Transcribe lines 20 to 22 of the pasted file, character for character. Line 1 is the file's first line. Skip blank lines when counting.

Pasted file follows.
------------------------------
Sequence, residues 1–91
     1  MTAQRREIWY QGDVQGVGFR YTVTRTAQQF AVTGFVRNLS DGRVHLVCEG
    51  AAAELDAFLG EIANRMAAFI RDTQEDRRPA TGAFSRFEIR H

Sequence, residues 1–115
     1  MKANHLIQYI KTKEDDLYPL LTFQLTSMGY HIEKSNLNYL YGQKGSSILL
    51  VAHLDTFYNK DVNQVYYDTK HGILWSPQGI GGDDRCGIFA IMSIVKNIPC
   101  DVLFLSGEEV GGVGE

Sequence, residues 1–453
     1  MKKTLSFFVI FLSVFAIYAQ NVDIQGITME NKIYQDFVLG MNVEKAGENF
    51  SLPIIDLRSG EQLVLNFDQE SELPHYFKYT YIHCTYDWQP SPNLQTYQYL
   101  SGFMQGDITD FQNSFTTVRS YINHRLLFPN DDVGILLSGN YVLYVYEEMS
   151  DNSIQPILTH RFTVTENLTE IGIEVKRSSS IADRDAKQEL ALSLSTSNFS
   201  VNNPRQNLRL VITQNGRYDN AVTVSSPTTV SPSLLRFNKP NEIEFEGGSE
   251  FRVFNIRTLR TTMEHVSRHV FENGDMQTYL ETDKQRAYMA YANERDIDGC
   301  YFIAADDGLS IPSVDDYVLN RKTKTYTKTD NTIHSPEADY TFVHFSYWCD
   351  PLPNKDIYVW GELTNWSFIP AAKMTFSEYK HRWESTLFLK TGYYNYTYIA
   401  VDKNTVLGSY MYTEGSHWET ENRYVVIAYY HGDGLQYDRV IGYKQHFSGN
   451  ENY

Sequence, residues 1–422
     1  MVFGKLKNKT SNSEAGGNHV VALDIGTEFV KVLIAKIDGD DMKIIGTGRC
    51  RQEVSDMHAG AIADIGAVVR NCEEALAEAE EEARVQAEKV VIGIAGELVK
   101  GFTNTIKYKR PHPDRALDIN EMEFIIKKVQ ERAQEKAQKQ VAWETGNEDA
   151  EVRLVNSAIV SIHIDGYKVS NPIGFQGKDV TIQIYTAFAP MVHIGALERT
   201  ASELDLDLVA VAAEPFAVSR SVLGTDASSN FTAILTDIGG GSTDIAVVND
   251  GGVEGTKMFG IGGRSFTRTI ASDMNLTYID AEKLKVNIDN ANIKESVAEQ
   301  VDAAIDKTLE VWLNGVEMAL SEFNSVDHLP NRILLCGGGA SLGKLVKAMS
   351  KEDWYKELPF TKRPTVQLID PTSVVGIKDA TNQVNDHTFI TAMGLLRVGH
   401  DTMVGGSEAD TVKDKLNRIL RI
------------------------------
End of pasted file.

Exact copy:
     1  MVFGKLKNKT SNSEAGGNHV VALDIGTEFV KVLIAKIDGD DMKIIGTGRC
    51  RQEVSDMHAG AIADIGAVVR NCEEALAEAE EEARVQAEKV VIGIAGELVK
   101  GFTNTIKYKR PHPDRALDIN EMEFIIKKVQ ERAQEKAQKQ VAWETGNEDA